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Back to school but not back to normal

Pupils return to classroom in ‘bubbles’, with staggered break times and plenty of hand sanitiser

Sarah Bosley

sarah.bosley@newburynews.co.uk

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01635 886655

Back to school but not back to normal

Ben Bond, head teacher at The Clere School

There have been a few tears and a lot of excitement this week, as schools prepare to open properly for the first time in nearly six months.

A ‘new normal’ means that things look very different now, with staggered break times, pupils grouped into ‘bubbles’ and new hand sanitising stations dotted around the buildings.

Schools, as we knew them, closed their doors on March 20 and for many children that was the last time they set foot in a classroom – although keyworker children and vulnerable pupils were supported and some years were gradually reintroduced as lockdown restrictions were eased.

Some secondary schools in the area have asked pupils to wear face coverings while in corridors and communal areas when they return this week and West Berkshire Council is recommending that they are worn on all school buses arranged by the district’s education transport department.

But Charlotte Wilson, headteacher at Trinity School in Newbury, said it had decided that “at this stage we don’t need everyone to wear face masks or visors”.

With around 1,000 pupils at the school, Dr Wilson acknowledged that there would be some who were anxious about a return to the classroom, but said that more pastoral care was available and staff had been in contact with some pupils over the holidays to prepare them for the new term.

“We are set and ready and exited to welcome our students back,” she said. “We have been working hard to ensure we are ready for them.”

At The Clere School in Burghclere, headteacher Ben Bond said in an innovative move it was creating bubbles based on buses, not year groups.

“It became very apparent to me that year group bubbles just wouldn’t work for our school due to our uniqueness,” he said. “If we did year group bubbles, the work would simply be undone as soon as they got on to the buses. So we have looked to be innovative.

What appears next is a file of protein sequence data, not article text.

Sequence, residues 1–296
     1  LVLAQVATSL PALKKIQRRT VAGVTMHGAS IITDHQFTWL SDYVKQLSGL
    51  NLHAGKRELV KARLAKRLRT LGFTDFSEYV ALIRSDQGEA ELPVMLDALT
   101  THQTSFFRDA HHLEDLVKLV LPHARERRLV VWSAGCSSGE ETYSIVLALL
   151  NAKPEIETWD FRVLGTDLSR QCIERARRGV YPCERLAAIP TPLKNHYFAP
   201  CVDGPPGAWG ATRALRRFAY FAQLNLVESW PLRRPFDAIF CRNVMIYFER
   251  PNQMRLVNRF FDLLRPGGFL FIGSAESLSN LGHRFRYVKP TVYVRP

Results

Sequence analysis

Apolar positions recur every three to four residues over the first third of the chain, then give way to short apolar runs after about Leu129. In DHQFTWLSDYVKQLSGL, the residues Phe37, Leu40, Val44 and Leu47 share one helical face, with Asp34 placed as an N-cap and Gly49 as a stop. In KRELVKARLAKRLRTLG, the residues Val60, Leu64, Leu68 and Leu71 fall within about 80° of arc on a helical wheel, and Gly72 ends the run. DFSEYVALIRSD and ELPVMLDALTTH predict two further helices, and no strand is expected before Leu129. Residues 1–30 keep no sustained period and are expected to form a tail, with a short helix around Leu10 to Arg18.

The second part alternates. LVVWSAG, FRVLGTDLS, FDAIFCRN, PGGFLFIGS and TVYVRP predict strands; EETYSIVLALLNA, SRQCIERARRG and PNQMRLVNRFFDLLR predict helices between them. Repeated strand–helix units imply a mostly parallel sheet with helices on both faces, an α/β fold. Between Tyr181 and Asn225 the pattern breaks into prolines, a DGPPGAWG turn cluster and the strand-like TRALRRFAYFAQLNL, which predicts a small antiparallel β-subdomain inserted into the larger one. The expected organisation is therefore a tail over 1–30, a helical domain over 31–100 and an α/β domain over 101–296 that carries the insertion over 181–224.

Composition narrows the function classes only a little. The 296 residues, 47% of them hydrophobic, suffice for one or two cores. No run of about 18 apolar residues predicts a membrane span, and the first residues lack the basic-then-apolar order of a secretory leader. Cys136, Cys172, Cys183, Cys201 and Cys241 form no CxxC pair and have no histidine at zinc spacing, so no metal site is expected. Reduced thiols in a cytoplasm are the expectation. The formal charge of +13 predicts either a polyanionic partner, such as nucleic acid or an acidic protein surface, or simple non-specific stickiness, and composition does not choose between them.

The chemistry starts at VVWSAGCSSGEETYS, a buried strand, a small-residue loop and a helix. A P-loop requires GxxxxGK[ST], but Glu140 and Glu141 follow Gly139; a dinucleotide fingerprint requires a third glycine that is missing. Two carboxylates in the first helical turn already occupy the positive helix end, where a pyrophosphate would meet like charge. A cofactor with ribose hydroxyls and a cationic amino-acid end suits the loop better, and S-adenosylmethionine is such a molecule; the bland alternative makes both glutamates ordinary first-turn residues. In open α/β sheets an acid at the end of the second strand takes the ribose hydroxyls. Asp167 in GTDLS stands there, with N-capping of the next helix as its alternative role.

“In my school now children won’t see their usual classmates for a while and that will be very different for them.”

With as many of his pupils living outside of immediate catchment, as in it, more than 95 per cent of children are bussed into the village secondary school every day.

This led the senior leadership team to arrive at the decision that bubbles based on buses, not year groups, was the best way of keeping pupils and staff safe when school reopens on Monday.

Keith Harvey, headteacher at St Nicolas Junior School in Newbury (pictured below), said his focus will be on supporting children’s physical and mental health in the coming weeks.

Pupils at the Link Road school returned yesterday (Wednesday) and will be working through a ‘recovery curriculum’.
“We will be doing lots of short activities to build their resilience up again,” Mr Harvey explained.  “We will be trying to do a lot of PE and we will be continuing with our daily mile.

“We do feel that children have not had as much opportunity to be active and it is important to get that back, as well as lots of chatting to friends, which they haven’t been able to do either.

“There will be a major focus on mental and physical health, as that is very important.”

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